HHLA is a logistic and transportation company. It discharges/loads the ships coming on the Hamburg port and then delivers them to the destination using trains (67% freight volume) and trucks (37% freight volume). The company was partially privatized in November 2007, but the state still owns 68% of the shares.
HHLA competes with other ports in the region. In Hamburg though it has no competition and hence an increase in the importance of Hamburg will increase the revenue of the company. Following are a few key figures from the 2012 annual report.
Shares: 72.7 m (70m class A shares and 2.7 class S shares)
Dividend: €0.65 (- 26.375% withholding tax)
Revenue: €1.12 bn
Profit: €111.8 mn
The company trades for €17 a share and the 52-week range is €16.77 to €26.8.
The company has a dividend policy of paying at least 50% of its profits in dividend. The company cut its dividend in 2009 from €1 to €0.4, which gradually increased to €0.65 in 2011 and has stayed the same in 2012. The payout ratio has remained a bit above 50%.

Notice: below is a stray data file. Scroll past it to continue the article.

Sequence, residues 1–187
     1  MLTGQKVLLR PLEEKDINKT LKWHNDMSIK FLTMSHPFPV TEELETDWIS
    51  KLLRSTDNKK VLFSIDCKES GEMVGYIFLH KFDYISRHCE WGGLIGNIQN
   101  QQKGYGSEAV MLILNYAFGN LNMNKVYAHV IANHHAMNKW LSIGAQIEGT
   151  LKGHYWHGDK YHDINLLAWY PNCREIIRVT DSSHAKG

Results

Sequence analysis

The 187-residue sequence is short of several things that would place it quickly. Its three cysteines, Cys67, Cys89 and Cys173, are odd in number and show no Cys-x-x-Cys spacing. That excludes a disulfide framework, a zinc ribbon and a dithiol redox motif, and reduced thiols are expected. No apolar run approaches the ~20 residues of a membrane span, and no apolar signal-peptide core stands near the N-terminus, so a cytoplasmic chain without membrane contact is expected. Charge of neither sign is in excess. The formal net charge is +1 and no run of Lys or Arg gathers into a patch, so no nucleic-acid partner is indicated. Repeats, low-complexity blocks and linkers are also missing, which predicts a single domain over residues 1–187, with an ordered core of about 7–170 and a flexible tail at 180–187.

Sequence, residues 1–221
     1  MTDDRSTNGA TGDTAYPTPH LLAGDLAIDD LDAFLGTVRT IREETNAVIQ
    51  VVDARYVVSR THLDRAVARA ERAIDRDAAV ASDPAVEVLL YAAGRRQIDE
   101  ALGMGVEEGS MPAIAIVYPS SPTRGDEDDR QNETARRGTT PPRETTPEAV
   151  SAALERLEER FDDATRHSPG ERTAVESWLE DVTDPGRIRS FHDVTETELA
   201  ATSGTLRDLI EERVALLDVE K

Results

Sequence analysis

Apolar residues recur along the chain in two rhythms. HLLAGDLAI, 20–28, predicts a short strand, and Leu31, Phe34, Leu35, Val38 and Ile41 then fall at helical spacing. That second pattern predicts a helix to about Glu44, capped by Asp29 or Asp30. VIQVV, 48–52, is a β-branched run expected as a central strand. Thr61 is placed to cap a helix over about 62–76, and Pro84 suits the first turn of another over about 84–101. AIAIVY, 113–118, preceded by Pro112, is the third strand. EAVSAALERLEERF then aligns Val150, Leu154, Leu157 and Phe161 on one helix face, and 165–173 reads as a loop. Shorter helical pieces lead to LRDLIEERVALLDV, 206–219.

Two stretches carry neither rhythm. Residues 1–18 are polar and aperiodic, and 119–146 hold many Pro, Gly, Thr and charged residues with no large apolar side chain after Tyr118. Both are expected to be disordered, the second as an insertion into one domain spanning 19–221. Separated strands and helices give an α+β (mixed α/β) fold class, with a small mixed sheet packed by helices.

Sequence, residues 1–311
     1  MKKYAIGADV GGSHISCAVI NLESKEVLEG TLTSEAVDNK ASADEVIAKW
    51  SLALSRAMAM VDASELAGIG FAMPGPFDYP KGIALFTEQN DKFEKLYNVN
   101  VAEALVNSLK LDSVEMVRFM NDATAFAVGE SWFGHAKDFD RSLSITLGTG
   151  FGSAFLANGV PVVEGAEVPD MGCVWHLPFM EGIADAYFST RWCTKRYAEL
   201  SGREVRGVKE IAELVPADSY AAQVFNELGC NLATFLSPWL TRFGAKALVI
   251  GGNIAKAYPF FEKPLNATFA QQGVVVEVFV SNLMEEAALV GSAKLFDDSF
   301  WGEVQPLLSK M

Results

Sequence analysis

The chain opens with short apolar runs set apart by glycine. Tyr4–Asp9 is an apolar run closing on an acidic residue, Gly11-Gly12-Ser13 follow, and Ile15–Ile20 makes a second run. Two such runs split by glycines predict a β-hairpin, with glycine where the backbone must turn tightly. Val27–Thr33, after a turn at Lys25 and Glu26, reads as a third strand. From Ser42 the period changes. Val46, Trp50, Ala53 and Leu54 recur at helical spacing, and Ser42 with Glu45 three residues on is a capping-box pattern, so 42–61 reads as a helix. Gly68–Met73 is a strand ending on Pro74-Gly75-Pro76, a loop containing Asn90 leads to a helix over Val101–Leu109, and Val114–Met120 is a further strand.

The company has €384 million in pension liabilities, €314 million in long-term debts and €138 million in short-term debt. It also has €230 million in cash. This adds up to a net debt of €606 million. Interestingly, the book value has remained €560 million since 2007 (not a good sign).
The interest cover has been above 4. In 2012 the company had EBIT of €186 million and interest expense of €39 million. The company has never been in loss in the last six years and in the best year (2008) it had profit of €217 million and dividend of €1.
The debt has remained high for the company since it went public. The capex in 2012 was €153 million and FCF was €57 million. In 2011 they were €132 million and €134 million, respectively. The company had positive FCF since 2007, generating €700 million in the last six years, for an average of €116.6 million a year.
At the current price of €17 the company has a market cap of €1.26 billion and an EV of €1.86 billion. Although I like the company, it is not cheap yet.